NBFI sector asset quality weakens as borrowers struggle to repay loans – Reuters

  • The sector’s gross non-performing loan ratio deteriorated to 17% at end-June from 9% at end-March

Sri Lanka’s non-banking financial firms are reeling with record defaults as sky-high rates triggered by the economic crisis ripple effects across the sector, which briefly showed signs of recovery from the pressures caused by the pandemic until the first quarter of this year.

The sector’s asset quality as measured by gross non-performing loan ratio deteriorated to 17.22% in the June quarter from 9.11% recorded in the March quarter, reversing very difficult progress made by the sector which has traditionally been sensitive to even small market shocks. economy.

The June ratio was the highest in the industry compared to available records dating back to December 2013, when the ratio was 6.69%.
Non-banking financial corporations are generally more prone to economic shocks than banks, which are relatively more robust, but the scale of the 2022 economic crisis weighed more heavily on both sectors, particularly on their asset quality. Soaring rates and demand destruction policies enacted since April this year have pushed many micro and small businesses into bankruptcy, triggering a wave of defaults as they continually miss their loan installments.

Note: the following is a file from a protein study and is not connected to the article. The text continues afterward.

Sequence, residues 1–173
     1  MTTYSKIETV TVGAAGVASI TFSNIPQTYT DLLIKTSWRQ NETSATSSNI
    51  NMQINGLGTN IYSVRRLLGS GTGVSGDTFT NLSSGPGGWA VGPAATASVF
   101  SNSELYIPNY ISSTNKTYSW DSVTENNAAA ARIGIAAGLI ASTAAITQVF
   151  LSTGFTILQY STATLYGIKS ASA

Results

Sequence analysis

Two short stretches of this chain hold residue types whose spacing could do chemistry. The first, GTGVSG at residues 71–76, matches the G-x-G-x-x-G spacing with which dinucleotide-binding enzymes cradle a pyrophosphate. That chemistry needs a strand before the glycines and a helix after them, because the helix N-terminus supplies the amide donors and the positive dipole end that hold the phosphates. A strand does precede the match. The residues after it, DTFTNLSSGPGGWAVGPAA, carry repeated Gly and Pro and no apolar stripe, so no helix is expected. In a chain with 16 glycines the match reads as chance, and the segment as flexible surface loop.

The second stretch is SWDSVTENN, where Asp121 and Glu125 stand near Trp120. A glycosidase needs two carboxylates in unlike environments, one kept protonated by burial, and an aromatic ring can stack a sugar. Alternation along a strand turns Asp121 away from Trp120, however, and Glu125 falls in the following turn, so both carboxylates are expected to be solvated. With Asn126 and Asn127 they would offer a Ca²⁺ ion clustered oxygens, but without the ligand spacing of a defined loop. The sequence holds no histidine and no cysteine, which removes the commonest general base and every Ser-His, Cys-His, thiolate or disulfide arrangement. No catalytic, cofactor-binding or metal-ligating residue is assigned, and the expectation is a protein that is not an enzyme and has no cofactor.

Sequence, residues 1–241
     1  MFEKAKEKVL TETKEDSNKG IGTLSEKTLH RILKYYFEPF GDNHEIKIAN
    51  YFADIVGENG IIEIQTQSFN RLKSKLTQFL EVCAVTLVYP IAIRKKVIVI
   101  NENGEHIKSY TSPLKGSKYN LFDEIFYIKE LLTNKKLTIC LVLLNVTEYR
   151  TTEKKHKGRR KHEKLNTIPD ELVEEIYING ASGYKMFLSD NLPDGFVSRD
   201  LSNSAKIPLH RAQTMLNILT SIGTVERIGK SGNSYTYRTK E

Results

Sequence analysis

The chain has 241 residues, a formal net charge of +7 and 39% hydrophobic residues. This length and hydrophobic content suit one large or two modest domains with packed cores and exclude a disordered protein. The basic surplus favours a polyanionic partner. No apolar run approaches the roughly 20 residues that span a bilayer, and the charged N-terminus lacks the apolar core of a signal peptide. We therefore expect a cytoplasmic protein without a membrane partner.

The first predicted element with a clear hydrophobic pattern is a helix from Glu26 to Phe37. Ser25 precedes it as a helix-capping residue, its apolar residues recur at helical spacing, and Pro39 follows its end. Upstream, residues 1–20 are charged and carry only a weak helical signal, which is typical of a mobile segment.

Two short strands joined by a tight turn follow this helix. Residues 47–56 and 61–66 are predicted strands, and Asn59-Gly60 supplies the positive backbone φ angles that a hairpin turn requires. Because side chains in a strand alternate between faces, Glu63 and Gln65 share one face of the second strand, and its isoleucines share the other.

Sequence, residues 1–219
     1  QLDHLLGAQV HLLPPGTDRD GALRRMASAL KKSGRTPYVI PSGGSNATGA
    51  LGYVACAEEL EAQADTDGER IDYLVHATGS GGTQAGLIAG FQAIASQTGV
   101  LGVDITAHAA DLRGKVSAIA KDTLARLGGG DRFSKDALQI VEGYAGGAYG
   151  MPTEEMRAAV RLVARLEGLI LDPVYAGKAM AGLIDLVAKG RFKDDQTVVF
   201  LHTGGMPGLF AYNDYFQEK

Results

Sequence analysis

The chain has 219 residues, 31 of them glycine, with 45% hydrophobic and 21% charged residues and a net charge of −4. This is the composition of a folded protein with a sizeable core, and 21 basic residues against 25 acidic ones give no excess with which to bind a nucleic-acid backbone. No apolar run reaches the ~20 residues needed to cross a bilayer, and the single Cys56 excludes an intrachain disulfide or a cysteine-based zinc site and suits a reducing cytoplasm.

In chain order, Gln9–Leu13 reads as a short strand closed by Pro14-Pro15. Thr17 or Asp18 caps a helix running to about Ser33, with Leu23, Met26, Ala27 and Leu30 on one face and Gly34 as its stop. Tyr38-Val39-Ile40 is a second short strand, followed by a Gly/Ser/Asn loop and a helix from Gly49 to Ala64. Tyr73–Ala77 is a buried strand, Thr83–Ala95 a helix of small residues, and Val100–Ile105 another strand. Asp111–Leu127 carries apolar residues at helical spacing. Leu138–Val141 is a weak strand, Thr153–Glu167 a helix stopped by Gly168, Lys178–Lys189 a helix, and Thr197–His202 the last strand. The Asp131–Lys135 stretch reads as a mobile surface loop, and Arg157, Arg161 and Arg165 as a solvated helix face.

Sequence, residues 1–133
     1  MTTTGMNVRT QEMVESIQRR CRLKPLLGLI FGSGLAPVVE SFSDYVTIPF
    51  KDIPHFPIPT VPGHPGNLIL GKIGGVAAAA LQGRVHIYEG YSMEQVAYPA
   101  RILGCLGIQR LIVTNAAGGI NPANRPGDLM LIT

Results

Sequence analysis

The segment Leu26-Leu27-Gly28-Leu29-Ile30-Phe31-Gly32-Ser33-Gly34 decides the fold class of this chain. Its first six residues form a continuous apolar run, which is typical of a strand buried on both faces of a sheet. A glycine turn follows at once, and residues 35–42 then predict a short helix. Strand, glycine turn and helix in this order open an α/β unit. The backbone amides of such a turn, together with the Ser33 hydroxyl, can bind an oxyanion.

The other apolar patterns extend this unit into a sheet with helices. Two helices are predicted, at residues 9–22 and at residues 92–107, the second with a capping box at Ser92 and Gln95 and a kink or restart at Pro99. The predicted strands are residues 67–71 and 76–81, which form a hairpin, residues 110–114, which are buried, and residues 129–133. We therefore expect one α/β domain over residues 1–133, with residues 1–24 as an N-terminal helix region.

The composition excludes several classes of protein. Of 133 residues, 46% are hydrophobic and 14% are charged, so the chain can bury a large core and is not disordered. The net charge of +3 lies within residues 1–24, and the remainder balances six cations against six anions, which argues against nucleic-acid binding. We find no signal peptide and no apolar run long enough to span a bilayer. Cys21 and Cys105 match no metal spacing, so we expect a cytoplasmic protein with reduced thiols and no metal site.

On the other hand, loan growth stalled as they turned off the lending taps to contain the fallout on asset quality from weaker profiles of potential borrowers in a soaring price economy.
The relatively larger and stronger non-bank financial corporations (licensed financial corporations) sub-sector saw its gross non-performing loan ratio almost double from 8.99% in March to 17.20% in June, while the sector of specialized leasing companies saw its ratio increase. at 17.96% against 13.72% in March.

At the same time, return on equity, which measures the strength of industry earnings, also weakened significantly between the two quarters. For example, return on equity, which was 20.48% in March 2022, fell by nearly two-thirds to 7.85% in June.

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